Journal of Inherited Metabolic Disease

, Volume 40, Issue 5, pp 703–708 | Cite as

Tight metabolic control plus ACE inhibitor therapy improves GSD I nephropathy

  • Gyongyi O. Okechuku
  • Lawrence R. Shoemaker
  • Monika Dambska
  • Laurie M. Brown
  • Justin Mathew
  • David A. Weinstein
Original Article


The onset of microalbuminuria (MA) heralds the onset of glomerulopathy in patients with glycogen storage disease (GSD) type I. Unlike tubulopathy, which responds to improved metabolic control, glomerulopathy in GSD I is considered refractory to medical intervention, and it is thought to inexorably progress to overt proteinuria and renal failure. Recent reports of reduced microalbuminuria following strict adherence to therapy counter this view. In contrast to type Ia, little is known regarding the prevalence of kidney disease in GSD Ib, 0, III, VI, and IX. Subjects were evaluated with 24-h urine collections between 2005 and 2014 as part of a longitudinal study of the natural history of GSD. ACE inhibitor therapy (AIT) was commenced after documentation of microalbuminuria. Elevated urine albumin excretion was detected in 23 of 195 GSD Ia patients (11.7%) and six of 45 GSD Ib (13.3%). The median age of onset of microalbuminuria in GSD Ia was 24 years (range 9–56); in GSD Ib it was 25 years (range 20–38). Of 14 with GSD Ia who complied with dietary and AIT during the study period, microalbuminuria decreased in 11, in whom metabolic control improved. All 135 patients with the ketotic forms of GSD (0, III, VI and IX) consistently had normal microalbumin excretion. Strict adherence to dietary therapy and maintenance of optimal metabolic control is necessary to halt the progression of GSD Ia glomerulopathy in patients treated with AIT. With optimal care, protein excretion can be reduced and even normalize.



Angiotensin converting enzyme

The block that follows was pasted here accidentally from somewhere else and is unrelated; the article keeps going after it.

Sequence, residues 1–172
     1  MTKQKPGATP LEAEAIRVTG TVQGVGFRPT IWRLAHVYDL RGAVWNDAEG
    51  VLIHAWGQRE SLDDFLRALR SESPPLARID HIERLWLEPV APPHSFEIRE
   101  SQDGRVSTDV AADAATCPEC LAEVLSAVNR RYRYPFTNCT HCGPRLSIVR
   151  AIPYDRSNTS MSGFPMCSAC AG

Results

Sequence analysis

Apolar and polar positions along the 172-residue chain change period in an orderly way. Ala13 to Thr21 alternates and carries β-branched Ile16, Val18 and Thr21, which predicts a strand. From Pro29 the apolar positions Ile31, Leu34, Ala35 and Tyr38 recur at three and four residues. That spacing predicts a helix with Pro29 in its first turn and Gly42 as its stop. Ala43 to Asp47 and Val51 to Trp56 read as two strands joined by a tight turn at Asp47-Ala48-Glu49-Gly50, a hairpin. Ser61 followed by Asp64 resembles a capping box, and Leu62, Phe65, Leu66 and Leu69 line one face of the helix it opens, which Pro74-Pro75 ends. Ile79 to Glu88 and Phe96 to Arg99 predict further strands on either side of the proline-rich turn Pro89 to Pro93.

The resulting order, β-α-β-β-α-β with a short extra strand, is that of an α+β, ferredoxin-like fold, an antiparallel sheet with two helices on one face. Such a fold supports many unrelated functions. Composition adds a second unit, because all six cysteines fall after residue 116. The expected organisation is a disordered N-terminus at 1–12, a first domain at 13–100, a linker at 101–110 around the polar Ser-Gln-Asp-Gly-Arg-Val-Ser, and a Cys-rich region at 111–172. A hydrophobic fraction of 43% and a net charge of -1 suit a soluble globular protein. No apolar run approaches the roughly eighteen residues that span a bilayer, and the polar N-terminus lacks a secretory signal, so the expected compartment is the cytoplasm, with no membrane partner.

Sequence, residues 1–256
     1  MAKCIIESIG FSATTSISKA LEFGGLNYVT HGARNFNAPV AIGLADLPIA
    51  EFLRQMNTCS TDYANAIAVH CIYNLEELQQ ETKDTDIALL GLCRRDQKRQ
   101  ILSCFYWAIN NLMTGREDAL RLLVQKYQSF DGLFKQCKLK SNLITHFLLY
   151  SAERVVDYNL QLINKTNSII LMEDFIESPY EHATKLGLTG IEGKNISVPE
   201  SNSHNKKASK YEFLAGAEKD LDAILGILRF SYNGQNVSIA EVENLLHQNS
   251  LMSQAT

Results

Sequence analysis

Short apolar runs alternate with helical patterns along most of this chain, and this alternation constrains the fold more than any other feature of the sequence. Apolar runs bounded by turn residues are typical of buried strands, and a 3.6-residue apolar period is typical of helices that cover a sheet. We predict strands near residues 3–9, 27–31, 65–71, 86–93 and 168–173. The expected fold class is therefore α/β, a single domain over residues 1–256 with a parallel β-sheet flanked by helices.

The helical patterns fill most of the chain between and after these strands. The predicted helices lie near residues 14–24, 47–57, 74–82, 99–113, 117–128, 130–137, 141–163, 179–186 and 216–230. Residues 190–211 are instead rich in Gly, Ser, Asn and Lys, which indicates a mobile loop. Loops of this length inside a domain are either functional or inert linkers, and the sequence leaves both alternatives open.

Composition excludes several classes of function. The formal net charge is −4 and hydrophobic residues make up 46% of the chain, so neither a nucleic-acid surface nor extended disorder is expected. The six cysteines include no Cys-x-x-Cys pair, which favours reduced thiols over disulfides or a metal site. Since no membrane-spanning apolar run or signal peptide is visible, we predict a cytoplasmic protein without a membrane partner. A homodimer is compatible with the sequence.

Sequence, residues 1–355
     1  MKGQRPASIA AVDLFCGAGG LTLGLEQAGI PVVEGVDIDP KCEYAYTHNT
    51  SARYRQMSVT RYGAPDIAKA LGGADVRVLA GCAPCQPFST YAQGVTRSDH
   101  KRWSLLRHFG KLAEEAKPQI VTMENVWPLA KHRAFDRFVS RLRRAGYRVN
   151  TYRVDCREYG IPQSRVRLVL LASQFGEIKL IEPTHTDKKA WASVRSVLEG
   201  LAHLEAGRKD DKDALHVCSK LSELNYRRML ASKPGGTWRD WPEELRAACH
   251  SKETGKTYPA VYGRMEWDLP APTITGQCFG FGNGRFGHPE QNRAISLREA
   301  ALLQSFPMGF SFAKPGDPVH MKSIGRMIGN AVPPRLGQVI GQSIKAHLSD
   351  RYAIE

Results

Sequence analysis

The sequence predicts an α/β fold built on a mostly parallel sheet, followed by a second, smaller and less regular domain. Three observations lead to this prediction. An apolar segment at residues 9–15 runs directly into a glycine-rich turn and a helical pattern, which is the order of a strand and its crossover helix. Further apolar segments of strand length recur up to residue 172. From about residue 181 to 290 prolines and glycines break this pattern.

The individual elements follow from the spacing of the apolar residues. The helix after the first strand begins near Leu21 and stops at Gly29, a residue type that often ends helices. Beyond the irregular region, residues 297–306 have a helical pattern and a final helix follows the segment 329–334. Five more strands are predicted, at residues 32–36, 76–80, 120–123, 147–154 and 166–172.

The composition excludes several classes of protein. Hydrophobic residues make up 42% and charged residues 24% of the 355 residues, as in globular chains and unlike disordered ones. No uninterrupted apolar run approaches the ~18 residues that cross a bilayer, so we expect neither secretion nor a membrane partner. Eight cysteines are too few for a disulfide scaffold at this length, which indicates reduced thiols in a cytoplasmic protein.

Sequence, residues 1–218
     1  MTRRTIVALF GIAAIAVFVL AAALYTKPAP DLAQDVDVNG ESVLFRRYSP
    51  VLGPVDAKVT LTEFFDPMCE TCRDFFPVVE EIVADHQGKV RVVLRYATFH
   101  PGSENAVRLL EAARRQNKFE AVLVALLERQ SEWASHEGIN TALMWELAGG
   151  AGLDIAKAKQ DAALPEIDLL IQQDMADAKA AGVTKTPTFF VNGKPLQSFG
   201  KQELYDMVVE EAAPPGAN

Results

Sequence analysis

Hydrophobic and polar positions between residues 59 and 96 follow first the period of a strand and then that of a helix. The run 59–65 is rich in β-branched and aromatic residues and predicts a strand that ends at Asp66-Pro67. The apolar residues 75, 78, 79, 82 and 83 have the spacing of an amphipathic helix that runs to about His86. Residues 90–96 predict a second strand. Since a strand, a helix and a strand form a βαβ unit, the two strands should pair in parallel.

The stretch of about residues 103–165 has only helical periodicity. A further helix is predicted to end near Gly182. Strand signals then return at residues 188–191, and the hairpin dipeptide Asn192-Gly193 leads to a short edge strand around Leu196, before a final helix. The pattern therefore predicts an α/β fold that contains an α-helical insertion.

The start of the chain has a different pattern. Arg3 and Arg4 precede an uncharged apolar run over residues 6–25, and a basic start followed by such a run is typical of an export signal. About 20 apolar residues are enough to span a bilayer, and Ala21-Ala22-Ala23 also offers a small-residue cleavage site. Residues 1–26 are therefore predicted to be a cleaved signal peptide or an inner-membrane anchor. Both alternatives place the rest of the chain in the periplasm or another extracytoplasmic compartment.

ACE inhibitor therapy


Glycogen storage disease




Compliance with ethical standards

Conflict of interest

G. O. Okechuku, L. R. Shoemaker, M. Dambska, L. M. Brown, J. Mathew and D. A. Weinstein declare that they have no conflict of interest.


This research was made possible by philanthropic support provided by the Global Center for GSD and the following funds managed through the University of Florida Office of Development: Scott Miller GSD Program Fund, the GSD Dream Fund, and the Johnny Damon Fund. The work was also supported in part by the NIH/NCATS Clinical and Translational Science Award UL1 TR000064 granted to the University of Florida.

Ethical approval

These investigations were approved by the IRB at the University of Florida, and they were carried out in accordance with the Declaration of Helsinki.

Informed consent

Consent (and assent when appropriate) was obtained from all participants.


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Copyright information

© SSIEM 2017

Authors and Affiliations

  • Gyongyi O. Okechuku
    • 1
  • Lawrence R. Shoemaker
    • 1
  • Monika Dambska
    • 2
    • 3
  • Laurie M. Brown
    • 2
  • Justin Mathew
    • 2
  • David A. Weinstein
    • 2
    • 3
    • 4
  1. 1.Division of Pediatric NephrologyUniversity of FloridaGainesvilleUSA
  2. 2.Glycogen Storage Disease ProgramUniversity of FloridaGainesvilleUSA
  3. 3.Glycogen Storage Disease ProgramConnecticut Children’s Medical CenterHartfordUSA
  4. 4.Glycogen Storage Disease ProgramUniversity of Connecticut School of MedicineFarmingtonUSA

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